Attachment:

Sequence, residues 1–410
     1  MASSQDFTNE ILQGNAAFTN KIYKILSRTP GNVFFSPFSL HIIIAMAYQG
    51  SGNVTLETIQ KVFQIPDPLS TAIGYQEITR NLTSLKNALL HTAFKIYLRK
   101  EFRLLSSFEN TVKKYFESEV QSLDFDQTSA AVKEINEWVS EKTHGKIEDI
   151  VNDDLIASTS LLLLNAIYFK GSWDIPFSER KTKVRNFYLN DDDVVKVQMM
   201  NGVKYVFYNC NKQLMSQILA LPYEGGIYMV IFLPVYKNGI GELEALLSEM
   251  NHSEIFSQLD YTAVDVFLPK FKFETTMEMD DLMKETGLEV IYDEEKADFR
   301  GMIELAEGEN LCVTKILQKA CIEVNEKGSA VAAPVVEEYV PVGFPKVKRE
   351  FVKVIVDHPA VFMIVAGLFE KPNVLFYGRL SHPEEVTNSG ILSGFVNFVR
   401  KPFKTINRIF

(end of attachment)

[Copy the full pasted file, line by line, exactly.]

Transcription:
Sequence, residues 1–410
     1  MASSQDFTNE ILQGNAAFTN KIYKILSRTP GNVFFSPFSL HIIIAMAYQG
    51  SGNVTLETIQ KVFQIPDPLS TAIGYQEITR NLTSLKNALL HTAFKIYLRK
   101  EFRLLSSFEN TVKKYFESEV QSLDFDQTSA AVKEINEWVS EKTHGKIEDI
   151  VNDDLIASTS LLLLNAIYFK GSWDIPFSER KTKVRNFYLN DDDVVKVQMM
   201  NGVKYVFYNC NKQLMSQILA LPYEGGIYMV IFLPVYKNGI GELEALLSEM
   251  NHSEIFSQLD YTAVDVFLPK FKFETTMEMD DLMKETGLEV IYDEEKADFR
   301  GMIELAEGEN LCVTKILQKA CIEVNEKGSA VAAPVVEEYV PVGFPKVKRE
   351  FVKVIVDHPA VFMIVAGLFE KPNVLFYGRL SHPEEVTNSG ILSGFVNFVR
   401  KPFKTINRIF